Abstract

This dissertation considers two intellectual impediments to interdisciplinary dialogue between Christian theologians, ethicists, and economists: scarcity and the status of economics as a wertfrei science. Using the landmark methodological work of Lionel Robbins, An Essay on the Nature and Significance of Economics Science, to frame the discussion, this dissertation seeks to remove these two intellectual impediments to interdisciplinary dialogue by considering three nested questions. They are:

(1) Is scarcity—as defined by Robbins—an accurate description of the world?

(2) If scarcity, as defined by Robbins, is an accurate description of the world, how is this to be justified theologically, and what are the implications for the demarcation of economics?

(3) Is economics a wertfrei science, and, if it is, what are the implications for interdisciplinary dialogue?

Chapter 1 elucidates these questions by outlining Robbins’s conception of scarcity, his scarcity definition of economics, and his understanding of economics as a wertfrei science. The first part of Chapter 2 considers question (1) by examining various challenges that have been leveled at Robbins’s understanding of scarcity as a description of the world. Having shown that the various challenges fail to overturn Robbins’s understanding of scarcity as a description of the world, the second part of Chapter 2 begins to consider question (2) by framing Robbins’s understanding of scarcity in terminology more familiar to the Christian theologian and ethicist. Chapter 3 continues to consider question (2) by developing a theodicy that accounts for why humans find themselves in a world in which the degree of scarcity is such that human needs, at times, go unmet. Chapters 2 and 3, then, provide a theological rationale for scarcity and a theological rationale for the existence of economics as the study of scarcity-constrained choice.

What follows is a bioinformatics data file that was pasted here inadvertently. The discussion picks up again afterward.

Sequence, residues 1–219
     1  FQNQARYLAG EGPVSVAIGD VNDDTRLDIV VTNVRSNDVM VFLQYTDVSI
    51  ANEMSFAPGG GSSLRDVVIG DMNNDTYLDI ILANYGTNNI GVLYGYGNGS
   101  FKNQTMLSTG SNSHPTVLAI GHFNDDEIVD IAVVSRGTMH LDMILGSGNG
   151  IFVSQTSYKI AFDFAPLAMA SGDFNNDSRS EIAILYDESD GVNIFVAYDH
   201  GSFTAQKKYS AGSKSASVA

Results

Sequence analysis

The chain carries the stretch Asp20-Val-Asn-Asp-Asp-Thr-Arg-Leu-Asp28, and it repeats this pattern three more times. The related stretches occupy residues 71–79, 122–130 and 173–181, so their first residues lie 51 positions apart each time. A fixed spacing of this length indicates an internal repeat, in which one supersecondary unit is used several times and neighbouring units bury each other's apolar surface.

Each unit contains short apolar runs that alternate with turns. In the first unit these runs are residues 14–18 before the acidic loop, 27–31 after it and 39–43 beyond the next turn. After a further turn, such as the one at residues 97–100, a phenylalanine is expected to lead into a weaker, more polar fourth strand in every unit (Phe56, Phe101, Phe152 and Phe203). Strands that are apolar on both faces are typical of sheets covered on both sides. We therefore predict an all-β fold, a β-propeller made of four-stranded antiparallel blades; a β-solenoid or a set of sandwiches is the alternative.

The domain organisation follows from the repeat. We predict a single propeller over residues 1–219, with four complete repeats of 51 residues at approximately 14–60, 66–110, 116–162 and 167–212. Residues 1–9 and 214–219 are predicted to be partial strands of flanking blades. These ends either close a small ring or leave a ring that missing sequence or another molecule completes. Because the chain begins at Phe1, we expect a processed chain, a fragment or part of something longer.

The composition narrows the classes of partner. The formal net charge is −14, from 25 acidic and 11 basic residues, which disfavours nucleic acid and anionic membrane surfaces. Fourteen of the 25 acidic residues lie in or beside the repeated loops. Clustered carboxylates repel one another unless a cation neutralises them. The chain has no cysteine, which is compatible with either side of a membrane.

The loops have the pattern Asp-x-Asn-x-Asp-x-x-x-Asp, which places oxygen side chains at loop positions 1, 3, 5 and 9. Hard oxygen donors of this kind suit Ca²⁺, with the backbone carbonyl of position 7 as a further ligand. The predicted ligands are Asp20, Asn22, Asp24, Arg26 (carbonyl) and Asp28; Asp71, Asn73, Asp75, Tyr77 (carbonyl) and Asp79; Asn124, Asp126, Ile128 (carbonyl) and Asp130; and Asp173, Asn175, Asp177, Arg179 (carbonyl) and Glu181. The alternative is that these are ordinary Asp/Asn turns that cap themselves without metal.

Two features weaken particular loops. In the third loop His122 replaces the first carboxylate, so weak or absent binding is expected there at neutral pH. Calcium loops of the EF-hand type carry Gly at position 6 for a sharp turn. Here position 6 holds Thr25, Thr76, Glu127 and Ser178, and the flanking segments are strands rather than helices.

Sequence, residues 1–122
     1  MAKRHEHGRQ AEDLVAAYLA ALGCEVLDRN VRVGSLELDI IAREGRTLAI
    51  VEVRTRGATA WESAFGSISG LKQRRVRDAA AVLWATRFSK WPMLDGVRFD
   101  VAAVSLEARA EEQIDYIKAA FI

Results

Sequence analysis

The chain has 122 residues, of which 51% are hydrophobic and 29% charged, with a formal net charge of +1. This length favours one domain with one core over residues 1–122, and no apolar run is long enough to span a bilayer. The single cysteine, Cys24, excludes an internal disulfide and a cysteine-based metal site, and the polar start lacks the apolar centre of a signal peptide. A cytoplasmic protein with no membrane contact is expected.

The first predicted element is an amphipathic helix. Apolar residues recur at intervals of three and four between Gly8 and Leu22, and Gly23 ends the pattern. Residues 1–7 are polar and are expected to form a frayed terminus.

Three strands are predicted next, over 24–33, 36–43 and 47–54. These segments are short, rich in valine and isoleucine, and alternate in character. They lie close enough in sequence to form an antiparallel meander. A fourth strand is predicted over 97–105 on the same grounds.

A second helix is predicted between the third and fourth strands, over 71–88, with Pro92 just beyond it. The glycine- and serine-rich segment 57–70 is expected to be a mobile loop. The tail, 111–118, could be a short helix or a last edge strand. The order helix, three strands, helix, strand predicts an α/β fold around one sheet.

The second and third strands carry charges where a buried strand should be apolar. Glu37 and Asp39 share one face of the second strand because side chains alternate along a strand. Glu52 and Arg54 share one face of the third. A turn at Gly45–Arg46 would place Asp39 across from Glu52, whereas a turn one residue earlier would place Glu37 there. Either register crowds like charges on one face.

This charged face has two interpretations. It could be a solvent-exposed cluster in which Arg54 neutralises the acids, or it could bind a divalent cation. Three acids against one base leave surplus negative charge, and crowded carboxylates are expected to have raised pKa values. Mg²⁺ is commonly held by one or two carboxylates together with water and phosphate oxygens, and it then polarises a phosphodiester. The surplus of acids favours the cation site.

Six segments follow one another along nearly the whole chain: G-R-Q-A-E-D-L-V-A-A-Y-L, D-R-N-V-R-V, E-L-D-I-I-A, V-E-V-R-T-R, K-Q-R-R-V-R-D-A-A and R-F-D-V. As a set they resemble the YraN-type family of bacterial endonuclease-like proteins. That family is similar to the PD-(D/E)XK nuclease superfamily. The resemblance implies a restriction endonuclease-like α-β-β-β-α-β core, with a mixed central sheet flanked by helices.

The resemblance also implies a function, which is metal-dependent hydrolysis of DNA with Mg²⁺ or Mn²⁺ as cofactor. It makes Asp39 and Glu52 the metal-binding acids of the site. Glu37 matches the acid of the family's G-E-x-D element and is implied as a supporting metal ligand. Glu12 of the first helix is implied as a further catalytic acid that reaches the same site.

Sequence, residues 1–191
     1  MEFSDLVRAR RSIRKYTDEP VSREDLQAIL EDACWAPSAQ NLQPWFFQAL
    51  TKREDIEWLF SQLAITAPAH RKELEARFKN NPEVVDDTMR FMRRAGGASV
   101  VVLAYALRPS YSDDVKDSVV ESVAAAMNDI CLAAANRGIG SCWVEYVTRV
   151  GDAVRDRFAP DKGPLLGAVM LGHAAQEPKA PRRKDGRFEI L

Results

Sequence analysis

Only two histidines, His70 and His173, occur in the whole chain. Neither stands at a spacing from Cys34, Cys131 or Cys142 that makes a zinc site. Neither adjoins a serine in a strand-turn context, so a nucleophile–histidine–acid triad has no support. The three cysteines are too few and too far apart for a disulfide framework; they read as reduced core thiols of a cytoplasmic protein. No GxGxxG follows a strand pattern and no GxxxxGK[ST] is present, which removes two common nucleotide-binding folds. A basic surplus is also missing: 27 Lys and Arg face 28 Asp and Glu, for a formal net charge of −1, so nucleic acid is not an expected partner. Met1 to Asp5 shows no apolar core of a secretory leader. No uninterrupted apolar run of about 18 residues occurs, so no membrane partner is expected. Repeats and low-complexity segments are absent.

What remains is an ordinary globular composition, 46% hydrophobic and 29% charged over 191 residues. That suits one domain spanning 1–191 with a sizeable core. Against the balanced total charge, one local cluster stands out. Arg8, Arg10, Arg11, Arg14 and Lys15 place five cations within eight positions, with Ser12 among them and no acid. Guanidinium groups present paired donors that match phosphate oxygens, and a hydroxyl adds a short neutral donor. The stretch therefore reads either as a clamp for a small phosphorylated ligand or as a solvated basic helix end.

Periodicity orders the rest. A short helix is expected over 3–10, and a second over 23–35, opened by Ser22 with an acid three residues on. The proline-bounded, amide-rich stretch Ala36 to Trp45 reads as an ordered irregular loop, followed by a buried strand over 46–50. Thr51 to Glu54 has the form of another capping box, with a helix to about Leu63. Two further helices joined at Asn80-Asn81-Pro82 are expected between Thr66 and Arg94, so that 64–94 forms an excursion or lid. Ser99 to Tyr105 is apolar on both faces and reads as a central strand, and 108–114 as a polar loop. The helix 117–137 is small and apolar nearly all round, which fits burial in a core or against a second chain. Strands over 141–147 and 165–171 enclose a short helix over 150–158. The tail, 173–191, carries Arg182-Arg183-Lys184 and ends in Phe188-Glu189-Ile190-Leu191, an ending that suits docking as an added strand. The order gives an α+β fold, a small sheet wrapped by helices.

Chapter 4 turns to question (3), returning to Robbins’s understanding of economics as a wertfrei science as presented within An Essay on the Nature and Significance of Economics Science, and what this means for the relationship between economic science and ethics. This chapter also introduces a later essay written by Robbins, Economics and Political Economy, to further elucidate Robbins’s understanding of the relationship between economic science and ethics, and his advocacy for political economy as the discipline that seeks to integrate the deliverances of both economic science and ethics with a view to offering policy advice. This chapter argues for a retrieval of political economy, but (contra Robbins) based on a realist meta-ethics.

Chapter 5, which is the culminating and capstone chapter, argues for Christian political economy as the site for interdisciplinary dialogue between Christian theologians, ethicists, and economists, now that the intellectual impediments of scarcity and economics as a wertfrei science have been overcome. As a particular instantiation of political economy, Christian political economy draws on the deliverances of both Christian ethics and economic science. In doing so, it respects and understands the scope and nature of economic science and seeks to maintain its theological integrity by drawing from Christian ethics.

Degree Date

Spring 5-19-2018

Document Type

Dissertation

Department

Religious Studies

Advisor

Robin W. Lovin

Second Advisor

William J. Abraham

Third Advisor

Charles E. Curran

Fourth Advisor

Paul Oslington

Number of Pages

264

Format

.pdf

Creative Commons License

Creative Commons Attribution-Noncommercial 4.0 License
This work is licensed under a Creative Commons Attribution-Noncommercial 4.0 License

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